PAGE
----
Agile Software Development with SCRUM / Edition 1

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Overview

Arguably the most important book about managing technology and systems development efforts, this book describes building systems using the deceptively simple process, Scrum. Readers will come to understand a new approach to systems development projects that cuts through the complexity and ambiguity of complex, emergent requirements and unstable technology to iteratively and quickly produce quality software.

BENEFITS

  • Learn how to immediately start producing software incrementally regardless of existing engineering practices or methodologies
  • Learn how to simplify the implementation of Agile processes
  • Learn how to simplify XP implementation through a Scrum wrapper
  • Learn why Agile processes work and how to manage them
  • Understand the theoretical underpinnings of Agile processes
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Editorial Reviews

From the Publisher

"Agile development methods are key to the future of flexible software systems. Scrum is one of the vanguards of the new way to buy and manage software development when business conditions are changing. This book distills both the theory and practice and is essential reading for anyone who needs to cope with software in a volatile world." — Martin Fowler, industry consultant and CTO, ThoughtWorks

"Most executives today are not happy with their organization's ability to deliver systems at reasonable cost and timeframes. Yet, if pressed, they will admit that they don't think their software developers are not competent. If it's not the engineers, then what is it that prevents fast development at reasonable cost? Scrum gives the answer to the question and the solution to the problem. — Alan Buffington, industry consultant, former Present, Fidelity Systems Company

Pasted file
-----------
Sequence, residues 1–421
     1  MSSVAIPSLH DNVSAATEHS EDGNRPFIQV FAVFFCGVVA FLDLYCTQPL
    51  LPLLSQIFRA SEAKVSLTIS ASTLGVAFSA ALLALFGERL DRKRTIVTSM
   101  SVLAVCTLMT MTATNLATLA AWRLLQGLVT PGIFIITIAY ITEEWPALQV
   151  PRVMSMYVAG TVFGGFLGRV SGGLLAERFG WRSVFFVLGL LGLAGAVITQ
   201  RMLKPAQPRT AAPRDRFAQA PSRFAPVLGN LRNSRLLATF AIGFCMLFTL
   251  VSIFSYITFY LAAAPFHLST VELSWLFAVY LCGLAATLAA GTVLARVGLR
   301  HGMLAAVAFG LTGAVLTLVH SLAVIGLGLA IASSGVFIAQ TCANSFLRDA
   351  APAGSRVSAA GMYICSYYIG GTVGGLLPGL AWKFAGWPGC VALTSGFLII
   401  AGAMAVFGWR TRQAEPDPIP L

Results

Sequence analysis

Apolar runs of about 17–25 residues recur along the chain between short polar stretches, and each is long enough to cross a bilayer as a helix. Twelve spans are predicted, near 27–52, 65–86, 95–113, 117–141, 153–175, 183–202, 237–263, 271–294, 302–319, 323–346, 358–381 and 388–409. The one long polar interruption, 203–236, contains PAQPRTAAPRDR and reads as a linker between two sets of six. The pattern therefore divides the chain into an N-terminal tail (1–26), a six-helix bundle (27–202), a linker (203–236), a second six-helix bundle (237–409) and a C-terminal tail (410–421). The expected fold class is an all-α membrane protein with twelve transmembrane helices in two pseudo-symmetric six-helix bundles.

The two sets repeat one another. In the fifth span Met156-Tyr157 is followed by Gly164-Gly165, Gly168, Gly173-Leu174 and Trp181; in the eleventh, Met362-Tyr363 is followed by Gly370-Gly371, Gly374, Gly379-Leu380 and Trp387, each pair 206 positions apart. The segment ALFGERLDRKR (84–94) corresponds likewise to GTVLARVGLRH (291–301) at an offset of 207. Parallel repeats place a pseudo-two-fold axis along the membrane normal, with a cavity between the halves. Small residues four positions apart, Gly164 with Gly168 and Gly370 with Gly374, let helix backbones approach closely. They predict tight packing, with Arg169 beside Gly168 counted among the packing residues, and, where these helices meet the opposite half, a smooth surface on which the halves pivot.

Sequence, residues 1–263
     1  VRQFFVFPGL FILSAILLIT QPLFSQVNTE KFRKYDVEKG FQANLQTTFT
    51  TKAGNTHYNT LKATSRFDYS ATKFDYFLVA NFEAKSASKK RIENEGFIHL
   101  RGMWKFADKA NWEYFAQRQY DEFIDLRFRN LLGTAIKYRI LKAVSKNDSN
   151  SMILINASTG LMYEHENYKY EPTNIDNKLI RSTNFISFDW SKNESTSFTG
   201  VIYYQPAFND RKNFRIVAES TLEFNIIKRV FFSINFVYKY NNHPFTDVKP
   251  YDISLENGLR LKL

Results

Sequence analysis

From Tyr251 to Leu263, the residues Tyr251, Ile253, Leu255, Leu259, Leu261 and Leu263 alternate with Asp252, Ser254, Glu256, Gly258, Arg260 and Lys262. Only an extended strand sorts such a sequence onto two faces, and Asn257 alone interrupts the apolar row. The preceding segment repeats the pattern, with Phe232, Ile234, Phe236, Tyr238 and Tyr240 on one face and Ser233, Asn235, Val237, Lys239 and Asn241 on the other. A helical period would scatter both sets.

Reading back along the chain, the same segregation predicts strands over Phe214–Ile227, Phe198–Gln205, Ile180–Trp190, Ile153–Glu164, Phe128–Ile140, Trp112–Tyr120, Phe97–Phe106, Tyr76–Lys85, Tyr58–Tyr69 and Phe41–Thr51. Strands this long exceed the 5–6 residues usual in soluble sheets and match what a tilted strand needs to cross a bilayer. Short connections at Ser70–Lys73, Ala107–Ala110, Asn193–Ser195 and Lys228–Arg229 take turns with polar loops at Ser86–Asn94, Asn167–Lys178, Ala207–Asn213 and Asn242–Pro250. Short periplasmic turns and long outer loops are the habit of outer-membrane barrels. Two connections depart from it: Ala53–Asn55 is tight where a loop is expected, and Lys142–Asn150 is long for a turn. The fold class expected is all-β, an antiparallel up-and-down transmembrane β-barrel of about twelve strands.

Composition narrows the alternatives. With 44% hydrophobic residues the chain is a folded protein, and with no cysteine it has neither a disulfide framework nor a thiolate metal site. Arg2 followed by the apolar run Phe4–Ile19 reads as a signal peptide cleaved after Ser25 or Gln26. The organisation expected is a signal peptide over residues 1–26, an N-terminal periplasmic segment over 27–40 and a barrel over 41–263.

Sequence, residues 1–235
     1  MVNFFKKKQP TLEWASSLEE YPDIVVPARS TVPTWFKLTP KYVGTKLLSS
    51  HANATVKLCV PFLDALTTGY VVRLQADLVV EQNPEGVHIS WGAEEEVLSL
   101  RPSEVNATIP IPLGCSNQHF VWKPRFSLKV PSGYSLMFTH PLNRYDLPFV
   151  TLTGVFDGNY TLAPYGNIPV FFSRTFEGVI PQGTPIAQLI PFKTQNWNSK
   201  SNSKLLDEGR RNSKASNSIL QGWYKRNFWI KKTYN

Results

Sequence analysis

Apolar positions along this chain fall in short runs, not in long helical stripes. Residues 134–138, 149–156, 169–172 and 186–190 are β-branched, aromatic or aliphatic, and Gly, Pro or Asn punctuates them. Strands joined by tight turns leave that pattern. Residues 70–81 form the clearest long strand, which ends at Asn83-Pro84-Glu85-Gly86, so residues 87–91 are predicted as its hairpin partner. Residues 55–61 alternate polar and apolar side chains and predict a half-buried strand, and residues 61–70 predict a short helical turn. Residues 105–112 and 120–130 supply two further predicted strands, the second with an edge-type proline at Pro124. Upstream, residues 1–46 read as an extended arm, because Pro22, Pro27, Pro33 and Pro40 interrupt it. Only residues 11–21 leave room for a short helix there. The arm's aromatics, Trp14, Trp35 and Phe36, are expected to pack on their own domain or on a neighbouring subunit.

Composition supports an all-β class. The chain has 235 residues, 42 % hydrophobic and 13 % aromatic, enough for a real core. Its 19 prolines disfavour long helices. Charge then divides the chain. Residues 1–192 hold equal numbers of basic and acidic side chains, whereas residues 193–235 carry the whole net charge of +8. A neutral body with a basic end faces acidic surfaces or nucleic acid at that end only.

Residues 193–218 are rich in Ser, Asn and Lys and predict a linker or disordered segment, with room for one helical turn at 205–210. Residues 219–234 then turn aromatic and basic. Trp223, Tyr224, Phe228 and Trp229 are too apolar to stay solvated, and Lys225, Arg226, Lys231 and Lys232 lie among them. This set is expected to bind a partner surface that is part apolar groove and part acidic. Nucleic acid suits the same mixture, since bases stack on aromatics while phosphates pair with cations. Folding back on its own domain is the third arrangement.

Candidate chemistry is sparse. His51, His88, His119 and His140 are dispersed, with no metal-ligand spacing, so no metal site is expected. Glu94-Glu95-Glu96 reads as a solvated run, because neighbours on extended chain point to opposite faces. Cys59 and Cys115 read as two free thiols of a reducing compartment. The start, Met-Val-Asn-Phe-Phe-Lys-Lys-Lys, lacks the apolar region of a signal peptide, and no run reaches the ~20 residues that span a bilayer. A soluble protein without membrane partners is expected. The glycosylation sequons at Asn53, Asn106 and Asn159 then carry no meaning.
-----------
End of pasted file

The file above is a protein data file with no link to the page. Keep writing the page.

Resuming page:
From The Critics
A deceptively simple process called Scrum, a new approach to systems development projects, is described here. Application development managers will learn how to simplify the implementation of Agile processes with Scrum, how to simplify XP implementation through a Scrum wrapper, how to understand the theoretical underpinnings of Agile processes, and why Agile processes work and how to manage them. Material is of interest to the software development community at large. Schwaber is president of a software development consultancy. Annotation c. Book News, Inc., Portland, OR (booknews.com)
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Product Details

  • ISBN-13: 9780130676344
  • Publisher: Prentice Hall
  • Publication date: 10/28/2001
  • Series: Series in Agile Software Development
  • Edition description: New Edition
  • Edition number: 1
  • Pages: 158
  • Sales rank: 320,742
  • Product dimensions: 5.90 (w) x 8.80 (h) x 0.50 (d)

Meet the Author

Ken Schwaber is president of Advanced Development Methods (ADM), a company dedicated to improving the software development practice. He is an experienced software developer, product manager, and industry consultant. Schwaber initiated the process management product revolution of the early 1990's and also worked with Jeff Sutherland to formulate the initial versions of the Scrum development process.

Mike Beedle, an experienced software development practitioner, is the founder and CEO of e-Architects, Inc., a management and technical consulting company that helps its clients develop software in record time. Beedle has contributed to thousands of software projects for the last 20 years, and has used, recommended, and guided others to implement Scrum since 1995.

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Read an Excerpt

This book was written for several audiences. Our first audience is application development managers that need to deliver software to production in short development cycles while mitigating the inherent risks of software development. Our second audience is the software development community at large. To them, this book sends a profound message: Scrum represents a new, more accurate way of doing software development that Is based on the assumption that software is a new product every time that it is written or composed. Once this assumption is understood and accepted, it is easy to arrive at the conclusion that software requires a great deal of research and creativity, and the therefore it is better served by a new set of practices that generate a self-organizing structure while simultaneously reducing risk and uncertainty.

Finally, we have also written this book for a general audience that includes everyone involved in a project where there is constant change and unpredictable events. For this audience Scrum provides a general-purpose project management system that delivers, while it thrives on change and adapts to unpredictable events.